Evaluating the miracle of gastrointestinal transition time

Evaluating the miracle of gastrointestinal transition time

Uncovering the secrets of high performing free range layers.

By Dr Isabelle Ruhnke and Manisha Kolakshyapati

We know that birds are able to use their crops to store large amounts of feed. Not only the crops, but gizzards are also highly flexible regarding their holding. Interestingly, the size of gizzards can increase even over 100% of its original size as a response to fibre/pasture and the necessity to grind coarse feed particles. The well-developed crop and gizzard can function as a regulator of feed intake, retention time and nutrient turnover. Although there are various factors that affects the retention time of feed in the gastrointestinal tract, crop and gizzard are considered to be the most important organs.

As much as we know about the effect of fibre and particle size on gut holding capacity in broilers and layers, we still have no idea about the successful feeding strategies of high performing free range laying hens. Bringing light into the dark, PhD student Manisha Kolakshyapati and Dr. Isabelle Ruhnke from the University of New England are working on a refined technique to evaluate the gastrointestinal transit time.

The retention time of feed at different sites in the gastrointestinal tract is important in regulating the impact of digestive enzymes as well as the absorption capacity from the villi in the intestine. The digestive tract of avian species is particularly short compared to other species which results in faster passage rate in growing chicken and laying hens. Less retention time may affect the degradation facilitated by enzymes and hence, the efficacy of those. Thus, it is logical to hypothesize that hens housed in free range systems may benefit more from the well-developed crop and gizzard function which would potentially improve the efficacy of digestion process, nutrient utilization and gut health.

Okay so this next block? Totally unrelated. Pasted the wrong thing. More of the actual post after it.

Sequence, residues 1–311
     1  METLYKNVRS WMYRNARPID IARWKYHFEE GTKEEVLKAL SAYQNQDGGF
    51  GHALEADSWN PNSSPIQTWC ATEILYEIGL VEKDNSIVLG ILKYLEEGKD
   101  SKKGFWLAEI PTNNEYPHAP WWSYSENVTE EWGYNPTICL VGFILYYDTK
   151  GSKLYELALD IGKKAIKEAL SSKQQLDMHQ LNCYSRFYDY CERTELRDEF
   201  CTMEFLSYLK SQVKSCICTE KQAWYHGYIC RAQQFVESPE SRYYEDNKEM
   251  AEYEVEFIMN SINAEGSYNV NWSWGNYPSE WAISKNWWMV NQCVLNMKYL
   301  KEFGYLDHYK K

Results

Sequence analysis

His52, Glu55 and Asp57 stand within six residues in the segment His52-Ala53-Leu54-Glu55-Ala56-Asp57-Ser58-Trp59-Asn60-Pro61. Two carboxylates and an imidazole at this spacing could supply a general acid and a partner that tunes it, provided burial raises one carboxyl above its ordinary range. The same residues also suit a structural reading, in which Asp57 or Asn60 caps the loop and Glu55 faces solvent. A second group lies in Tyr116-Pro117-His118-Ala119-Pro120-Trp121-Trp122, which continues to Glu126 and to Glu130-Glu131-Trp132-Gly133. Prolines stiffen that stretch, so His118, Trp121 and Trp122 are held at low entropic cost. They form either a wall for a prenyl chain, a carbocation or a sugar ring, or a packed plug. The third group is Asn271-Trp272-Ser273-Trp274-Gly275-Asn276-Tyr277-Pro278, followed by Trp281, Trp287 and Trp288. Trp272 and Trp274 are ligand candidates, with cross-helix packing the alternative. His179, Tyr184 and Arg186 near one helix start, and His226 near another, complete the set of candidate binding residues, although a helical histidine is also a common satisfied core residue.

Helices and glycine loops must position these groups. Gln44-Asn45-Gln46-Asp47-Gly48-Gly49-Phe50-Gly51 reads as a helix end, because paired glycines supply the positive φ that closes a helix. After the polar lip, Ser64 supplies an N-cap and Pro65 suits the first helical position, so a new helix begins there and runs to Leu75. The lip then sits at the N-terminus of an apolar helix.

Radiographic images of laying hens investigating the gastrointestinal transit time using Barium Sulphate (a) and Barium Impregnated Polyethylene Spheres (b)

Although studies have been carried out adding Titanium dioxide (TiO2) marker to the feed and calculating them in the excreta to determine the whole tract passage rate, significant effect of retention time on performance and digestion still needs to be demonstrated. While most of the studies have used the whole gut transit time and rely on slaughter technique, very few study have used comparative marker excretion pattern to determine the passage rate in different segments of the digestive tract to determine the passage rate.

The team at UNE aims to determine, optimize and validate an easier, handy, less laborious and less time consuming method and most importantly a method that requires only few birds compared to the common slaughter technique. Currently, the researchers are comparing barium sulphate suspension (BaSO4) and Barium Impregnated Polyethylene Spheres (BIPS) to the gold standard Titanium dioxide (TiO2) marker method. We are looking forward to hearing about the outcome of this promising research at the Australian Poultry Science Symposium 2018.

PhD Student Manisha Kolakshyapati from UNE in collaboration with Dr Craig Bailey from North Hill Vet Clinic Armidale taking several hundred radiographs to evaluate the best method to determine the gastrointestinal passage rate.



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